Sunday, July 15, 2012

Dialogue and Debate

If you've read some of my other blog posts, you already know about my aversion to feeling angry.  So I'm not going to bore you again with the details of it. (If you have no idea what I'm talking about, it's time for you to look back in the archives:)  I am, however, going to bring up that because I hate feeling anger so much, I have spent a lot of time doing whatever I can to reduce my chances of having a confrontation.  The fact of the matter is, I'm only one part of the equation, and therefore I don't have control over how the other part(s) of the equation react.  As much as I try to keep communication with others free of uncomfortable and heightened responses, sometimes what starts out as a simple dialogue, can turn into a debate.
Personally, I believe that there are broad versions of both dialogue and debate. Some people tend to be very passive with their communication, not voicing their concerns or opinions and avoiding all conflict.  While others tend to be aggressive in their approach to getting their point across.  Somewhere on this spectrum, there is a healthy balance, where one is able to assertively and effectively state what it is they want, need, or feel while acknowledging the same of the other party involved.  What becomes difficult, is when you have two (or more) people who have completely different styles of approach.   Feelings of insecurity, doubt, frustration, defensiveness, misunderstanding, and hurt can turn what started as a simple conversation, into an all out war.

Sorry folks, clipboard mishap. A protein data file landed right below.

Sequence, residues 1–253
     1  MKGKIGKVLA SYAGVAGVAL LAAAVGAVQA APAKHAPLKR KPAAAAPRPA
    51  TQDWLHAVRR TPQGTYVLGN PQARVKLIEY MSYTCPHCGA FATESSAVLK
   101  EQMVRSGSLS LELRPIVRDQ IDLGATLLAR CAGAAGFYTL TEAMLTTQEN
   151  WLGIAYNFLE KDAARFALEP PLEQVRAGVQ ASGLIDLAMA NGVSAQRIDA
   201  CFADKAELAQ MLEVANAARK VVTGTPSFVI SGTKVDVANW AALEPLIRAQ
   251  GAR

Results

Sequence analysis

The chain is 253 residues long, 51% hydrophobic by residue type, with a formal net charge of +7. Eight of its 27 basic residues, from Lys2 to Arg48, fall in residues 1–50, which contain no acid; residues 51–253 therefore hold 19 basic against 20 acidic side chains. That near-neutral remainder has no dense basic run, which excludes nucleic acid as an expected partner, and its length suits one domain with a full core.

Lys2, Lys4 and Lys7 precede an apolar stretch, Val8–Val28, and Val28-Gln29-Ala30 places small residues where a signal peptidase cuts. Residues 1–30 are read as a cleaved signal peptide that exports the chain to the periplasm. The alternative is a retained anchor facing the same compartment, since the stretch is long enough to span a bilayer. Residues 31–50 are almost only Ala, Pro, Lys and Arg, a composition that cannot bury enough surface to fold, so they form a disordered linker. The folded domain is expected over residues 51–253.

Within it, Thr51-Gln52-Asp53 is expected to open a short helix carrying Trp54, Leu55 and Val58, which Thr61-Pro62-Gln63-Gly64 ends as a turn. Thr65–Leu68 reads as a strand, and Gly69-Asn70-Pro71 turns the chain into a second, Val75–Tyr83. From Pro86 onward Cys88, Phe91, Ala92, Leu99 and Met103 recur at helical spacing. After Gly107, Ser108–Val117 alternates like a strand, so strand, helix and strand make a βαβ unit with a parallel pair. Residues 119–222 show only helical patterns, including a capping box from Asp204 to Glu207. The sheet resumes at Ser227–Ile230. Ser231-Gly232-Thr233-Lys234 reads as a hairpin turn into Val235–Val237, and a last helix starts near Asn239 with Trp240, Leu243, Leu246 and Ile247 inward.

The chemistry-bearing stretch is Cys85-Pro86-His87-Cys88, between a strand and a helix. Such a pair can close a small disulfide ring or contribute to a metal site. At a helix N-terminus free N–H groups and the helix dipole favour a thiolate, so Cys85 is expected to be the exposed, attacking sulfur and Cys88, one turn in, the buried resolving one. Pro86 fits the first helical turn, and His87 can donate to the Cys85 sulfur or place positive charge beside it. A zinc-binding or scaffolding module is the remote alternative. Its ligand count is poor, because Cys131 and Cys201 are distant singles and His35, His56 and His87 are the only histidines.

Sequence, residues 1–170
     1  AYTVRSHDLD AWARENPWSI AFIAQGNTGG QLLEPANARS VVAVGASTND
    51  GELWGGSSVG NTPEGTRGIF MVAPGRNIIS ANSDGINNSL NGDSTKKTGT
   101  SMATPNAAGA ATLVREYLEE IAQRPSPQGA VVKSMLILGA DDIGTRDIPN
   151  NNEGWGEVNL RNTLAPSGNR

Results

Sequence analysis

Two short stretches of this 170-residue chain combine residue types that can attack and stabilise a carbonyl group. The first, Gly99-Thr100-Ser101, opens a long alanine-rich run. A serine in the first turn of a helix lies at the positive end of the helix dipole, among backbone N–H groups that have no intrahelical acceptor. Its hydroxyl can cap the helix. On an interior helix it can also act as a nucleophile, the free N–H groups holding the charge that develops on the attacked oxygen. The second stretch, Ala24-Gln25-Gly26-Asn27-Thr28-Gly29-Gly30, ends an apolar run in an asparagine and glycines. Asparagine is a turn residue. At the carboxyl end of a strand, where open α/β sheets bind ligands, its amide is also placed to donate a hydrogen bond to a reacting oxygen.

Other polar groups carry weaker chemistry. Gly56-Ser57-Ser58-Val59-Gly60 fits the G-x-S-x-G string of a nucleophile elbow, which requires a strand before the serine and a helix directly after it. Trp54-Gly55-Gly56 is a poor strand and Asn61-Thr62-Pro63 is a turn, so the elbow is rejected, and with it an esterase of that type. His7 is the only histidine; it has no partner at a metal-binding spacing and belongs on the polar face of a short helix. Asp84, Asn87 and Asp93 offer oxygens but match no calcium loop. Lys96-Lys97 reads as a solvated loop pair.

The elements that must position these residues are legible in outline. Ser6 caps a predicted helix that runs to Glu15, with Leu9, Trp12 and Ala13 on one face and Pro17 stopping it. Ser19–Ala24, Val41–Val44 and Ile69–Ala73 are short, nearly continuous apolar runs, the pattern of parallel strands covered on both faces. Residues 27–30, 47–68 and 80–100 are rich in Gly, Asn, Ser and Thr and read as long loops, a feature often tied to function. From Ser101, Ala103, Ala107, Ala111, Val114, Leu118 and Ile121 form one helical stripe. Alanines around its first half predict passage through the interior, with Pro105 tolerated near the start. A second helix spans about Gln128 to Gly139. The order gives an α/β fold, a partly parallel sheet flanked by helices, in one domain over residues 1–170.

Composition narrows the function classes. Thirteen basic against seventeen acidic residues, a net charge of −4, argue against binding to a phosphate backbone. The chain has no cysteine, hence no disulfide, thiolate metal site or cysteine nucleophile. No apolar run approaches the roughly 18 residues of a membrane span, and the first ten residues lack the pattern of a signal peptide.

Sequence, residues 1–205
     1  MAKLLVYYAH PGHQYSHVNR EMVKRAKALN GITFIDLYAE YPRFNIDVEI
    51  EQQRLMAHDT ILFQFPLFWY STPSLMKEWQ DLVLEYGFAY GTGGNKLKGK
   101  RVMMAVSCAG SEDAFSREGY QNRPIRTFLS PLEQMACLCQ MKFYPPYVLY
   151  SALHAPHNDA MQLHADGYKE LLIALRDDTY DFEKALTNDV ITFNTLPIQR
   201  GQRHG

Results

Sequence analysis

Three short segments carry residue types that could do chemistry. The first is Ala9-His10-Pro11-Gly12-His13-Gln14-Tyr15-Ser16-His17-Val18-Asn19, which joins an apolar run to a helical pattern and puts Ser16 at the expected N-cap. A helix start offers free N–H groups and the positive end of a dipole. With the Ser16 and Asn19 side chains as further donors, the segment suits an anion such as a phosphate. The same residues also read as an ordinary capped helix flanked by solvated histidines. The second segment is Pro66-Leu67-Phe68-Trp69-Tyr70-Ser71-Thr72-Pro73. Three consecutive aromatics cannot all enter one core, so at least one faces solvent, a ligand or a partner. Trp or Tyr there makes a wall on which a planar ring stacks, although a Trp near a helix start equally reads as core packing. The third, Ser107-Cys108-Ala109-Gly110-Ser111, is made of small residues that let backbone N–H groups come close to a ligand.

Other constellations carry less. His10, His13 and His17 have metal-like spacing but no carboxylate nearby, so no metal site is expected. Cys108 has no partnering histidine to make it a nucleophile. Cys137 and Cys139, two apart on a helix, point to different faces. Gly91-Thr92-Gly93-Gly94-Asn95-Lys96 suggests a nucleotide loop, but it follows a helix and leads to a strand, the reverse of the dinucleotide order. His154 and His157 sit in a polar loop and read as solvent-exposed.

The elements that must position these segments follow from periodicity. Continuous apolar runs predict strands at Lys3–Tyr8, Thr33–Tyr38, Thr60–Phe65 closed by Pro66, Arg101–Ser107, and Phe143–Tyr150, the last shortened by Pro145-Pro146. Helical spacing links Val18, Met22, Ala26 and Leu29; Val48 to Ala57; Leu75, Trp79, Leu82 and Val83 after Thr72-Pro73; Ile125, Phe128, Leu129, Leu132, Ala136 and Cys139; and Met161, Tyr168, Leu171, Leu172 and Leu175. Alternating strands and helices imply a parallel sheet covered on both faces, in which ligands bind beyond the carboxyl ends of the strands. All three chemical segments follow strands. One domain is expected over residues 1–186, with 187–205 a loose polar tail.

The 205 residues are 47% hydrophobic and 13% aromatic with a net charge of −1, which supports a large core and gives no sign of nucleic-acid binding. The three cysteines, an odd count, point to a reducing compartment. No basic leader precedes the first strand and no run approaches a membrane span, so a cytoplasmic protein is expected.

There have been instances where I see a dialogue I am having, heading straight for debate, and I immediately go into "How do I fix this?" mode.  In most cases, it's selfish motivation...I want to avoid the discomfort of conflict altogether.  Other times, it is because I know getting into a bitching battle is only going to derail the communication even further.  Looking back on some uncomfortable interactions, I realize now that heading directly for "fix it" mode, is my attempt at covering up my own insecurities, and even my own contribution to a debate. It has been in those moments, that "fixing it" only perpetuates a situation, because I am either trying so hard to back peddle and right wrongs, or I lose focus on what the other person is saying, and end up creating further ammunition for the war.
What I realize is every interaction is an opportunity for me to learn.  As many times as I have gone through the Interpersonal Effectiveness module in DBT, I have certainly not mastered it.  I have stuck my foot in my mouth more times than I can count, and I've dug deeper holes trying to get out of them, but each time I do, I become more aware of my own reactions and contributions to the situation.  I know I need to work more on staying in the moment while maintaining healthy boundaries, and less on trying to avoid confrontation and smoothing things over.  What I have to remember, is that just as a dialogue can turn into a debate, debates can also turn into a dialogue, and result in a deeper understanding for all involved.

1 comment:

  1. A great Book: No Ordinary Moments, by Dan Millman

    Most of the shadows of this life are caused by our standing in our own sunshine. – Emerson

    Whatever you make a big deal out of, the universe will deal more of it to you. -- Alan Cohen

    Bill G.